Bruno Marchal wrote: > > >> since an uploaded digital mind could also >> be part of a lot of dreamy realities > > It is a part of a lot of "dreamy realities", without any uploading. By > definition of the body and of the digital level of substitution, if we > upload ourself in a computer, we conserve the same relative proportion > of the "dreamy realities". Yes, if a correct substitution level exists. My point is that it in the general case no digital substitution level can exists, because of a self-referential loop between the substitution and the environment / between the computation and the instantiation of the computation (see below for a more detailed argument).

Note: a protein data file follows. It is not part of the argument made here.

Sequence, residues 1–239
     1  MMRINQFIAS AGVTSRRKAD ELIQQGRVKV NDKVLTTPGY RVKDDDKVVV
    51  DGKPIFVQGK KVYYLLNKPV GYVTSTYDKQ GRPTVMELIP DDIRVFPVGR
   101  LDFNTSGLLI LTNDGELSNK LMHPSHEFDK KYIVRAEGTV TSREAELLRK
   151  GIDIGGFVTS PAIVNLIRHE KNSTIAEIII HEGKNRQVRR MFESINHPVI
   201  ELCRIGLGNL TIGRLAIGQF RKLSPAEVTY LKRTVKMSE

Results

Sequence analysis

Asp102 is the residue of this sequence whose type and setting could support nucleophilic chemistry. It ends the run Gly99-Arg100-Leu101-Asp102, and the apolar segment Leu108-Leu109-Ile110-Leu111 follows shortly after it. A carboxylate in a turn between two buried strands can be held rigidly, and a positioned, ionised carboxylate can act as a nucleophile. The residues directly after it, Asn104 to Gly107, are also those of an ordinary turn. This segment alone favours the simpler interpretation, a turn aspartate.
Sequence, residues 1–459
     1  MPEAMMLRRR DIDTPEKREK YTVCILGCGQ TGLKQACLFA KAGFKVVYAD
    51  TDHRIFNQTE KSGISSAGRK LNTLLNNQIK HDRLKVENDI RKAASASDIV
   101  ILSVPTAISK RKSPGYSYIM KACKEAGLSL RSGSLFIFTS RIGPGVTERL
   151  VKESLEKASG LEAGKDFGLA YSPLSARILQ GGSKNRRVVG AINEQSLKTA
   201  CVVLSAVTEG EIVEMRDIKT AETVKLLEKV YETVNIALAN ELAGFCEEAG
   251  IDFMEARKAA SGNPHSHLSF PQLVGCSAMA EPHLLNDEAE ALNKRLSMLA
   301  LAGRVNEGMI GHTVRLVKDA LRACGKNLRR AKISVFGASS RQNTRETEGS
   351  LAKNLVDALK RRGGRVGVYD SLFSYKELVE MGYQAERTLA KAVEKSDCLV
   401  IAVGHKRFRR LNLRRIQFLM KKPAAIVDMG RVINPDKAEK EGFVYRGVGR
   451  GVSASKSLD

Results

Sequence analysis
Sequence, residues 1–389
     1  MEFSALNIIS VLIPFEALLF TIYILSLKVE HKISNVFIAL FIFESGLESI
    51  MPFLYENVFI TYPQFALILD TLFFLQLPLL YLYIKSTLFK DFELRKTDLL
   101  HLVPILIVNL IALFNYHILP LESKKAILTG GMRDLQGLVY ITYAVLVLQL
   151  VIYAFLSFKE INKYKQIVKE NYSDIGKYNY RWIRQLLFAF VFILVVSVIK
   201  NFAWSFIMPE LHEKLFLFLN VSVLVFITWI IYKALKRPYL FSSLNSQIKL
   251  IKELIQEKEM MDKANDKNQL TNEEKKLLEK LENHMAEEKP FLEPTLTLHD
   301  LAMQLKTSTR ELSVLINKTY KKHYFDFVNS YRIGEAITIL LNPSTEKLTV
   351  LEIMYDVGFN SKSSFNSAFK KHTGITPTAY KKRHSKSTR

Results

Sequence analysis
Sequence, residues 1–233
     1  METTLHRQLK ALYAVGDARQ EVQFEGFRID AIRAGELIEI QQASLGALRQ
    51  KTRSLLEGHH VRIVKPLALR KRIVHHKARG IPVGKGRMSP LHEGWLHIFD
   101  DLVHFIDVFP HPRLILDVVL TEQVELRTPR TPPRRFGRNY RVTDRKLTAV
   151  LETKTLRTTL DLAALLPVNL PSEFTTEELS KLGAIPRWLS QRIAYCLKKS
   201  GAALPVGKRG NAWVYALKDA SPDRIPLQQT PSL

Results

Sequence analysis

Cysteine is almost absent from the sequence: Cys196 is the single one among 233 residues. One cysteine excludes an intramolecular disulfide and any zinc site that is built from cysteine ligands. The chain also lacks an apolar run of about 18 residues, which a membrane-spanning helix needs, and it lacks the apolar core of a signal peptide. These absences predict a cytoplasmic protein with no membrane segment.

Bruno Marchal wrote: > >> Our brain avoids that by being a structure with a quite unique >> instantiation, > > Current physics makes this very doubtful. Assuming QM, there is only > quantum clouds of brains. Unless you presuppose the old copenhagen QM, > which does not make sense to me. I don't mean unique in a physical way, but in a subjective way. It is subjectively easier to see the difference between brains, but harder to see the difference between computers (that may be physically equal, but running different code). The uniqueness of the brain is its uniqueness of subjective instantiation. Bruno Marchal wrote: > >> and a quite clear subjective dividing barrier to virtual >> realities (I am not a/ in a computer). > > How do you know that? I can't know that, indeed I suspect that even just my local personal self is to some extent distributed among all computations. I only say that I do not have a perspective of being a computer. When I look at myself, I see (in the center of my attention) a biological being, not a computer. Bruno Marchal wrote: > >> It's harder to dinstinguish >> yourself from other simulated selfes than from other biological >> selves, >> because of the natural biological barriers that we have, that >> computers >> lack. > > Ah? I can see that I am physically/biologically seperate from you, while we could be both simulated on one computer, without any clear physical dividing barrier. Bruno Marchal wrote: > >> We can only say YES if we assume there is no self-referential loop >> between >> my instantiation and my environment (my instantiation influences >> what world >> I am in, the world I am in influences my instantiation, etc...). > > Why? Such loops obviously exist (statistically), and the relative > proportion statistics remains unchanged, when doing the substitution > at the right level. If such loop plays a role in consciousness, you > have to enlarge the digital "generalized" brain. Or comp is wrong, > 'course. I think it is self-refuting if we not already take the conclusion for granted (saying YES only based on the faith we are already purely digital). Imagine substituting our whole generalized brain (let's say the milky way). Then you cannot have access to the fact that the whole milky way was substituted, because otherwise the whole milky way would have to appear to be a computer running a simulation of the milky way, making our experience drastically different (which is not possible, given that our experience should remain invariant). But if we don't have access to the fact/the way that we are being substituted, it makes no sense to say YES, because we can't even say whether are being substituted. If a substitution is not taking place subjectively, the question of saying YES becomes meaningless (making COMP meaningless). The only way we could know we are being substituted is if there is something other than the milky way to communicate with (which can see we are being substituted). But then we have no reason to suspect that this other will remain invariant, because from its perspective we have shifted from being the milky way to being a computer running a simulation of a milky way, which is such a big difference that it will inevitably totally change its response (to the point of not being the same other / the same relative world anymore - a a totally different interaction s taking place). Or we just *believe* we are being substituted (for whatever reason) and say YES to that, without any evidence we actually are being substituted, but then we are not saying YES to an actual substitution but to the conclusion (I am just a digital machine that is already equal to the substitution). Either way, our experience doesn't remain invariant, or we have no way to state we are being substituted (making COMP meaningless). How is that not a reductio ad absurdum? The only situtation where COMP may be reasonable is if the substitute is very similar in a way beyond computational similarity - which we can already confirm due to digital implants working. This would make COMP work in a quite special case scenario, but wrong in general. Bruno Marchal wrote: > >> OK, we could say YES based on the faith that subjective self- >> reference will >> develop a world for the digital brain that is similar to the old world >> (though that seems very unlikely to me), but this is not YES qua >> computatio. > > That is exactly the YES qua computatio. You let the artificial machine > handling the 3-person self-reference (at the hopefully right level), > and you bet you are still confronted with the local "persistant true > illusion". This is impossible since 3-person self-reference behaves differently that 1-person self-reference. The computations may remain invariant (and thus 3-p self-reference), but the implementation is not, and we can't avoid 1-p reference to the implementation. If I am substituted with a digital brain, the computations at first may be the same, but I can see that the implementation has changed (if only indirectly through my environment), making the computation different again. An attempt of substitution leads to an infinite regress of self-reference. I substitute myself at the right level, but then my implementation has changed and I can see that, which necessarily changes the computations that are going on. Then we have to change the substitution again (or take the change of computations into account in the begining) if I see I am being substituted. But this also has to be taken in to account... This infinite regress could only terminate if at some point I can't know I am being substituted, in which case there is no way to say YES to a substitution (except as an exclamation of faith in the conclusion of COMP). This means that according to COMPs assumption (YES) it can't terminate at a finite number of steps, so we can't have a finite substitution level. But we would need that in order to say YES. In any case, COMP is false in the general case. COMP only works relatively if subjective self-reference *happens* to arrive at a similar state of consciousness. But this is not (purely) due to the computations that are going on. It is due to subjective self-referential correctness. benjayk -- View this message in context: http://old.nabble.com/The-consciousness-singularity-tp32803353p32877443.html Sent from the Everything List mailing list archive at Nabble.com. -- You received this message because you are subscribed to the Google Groups "Everything List" group. 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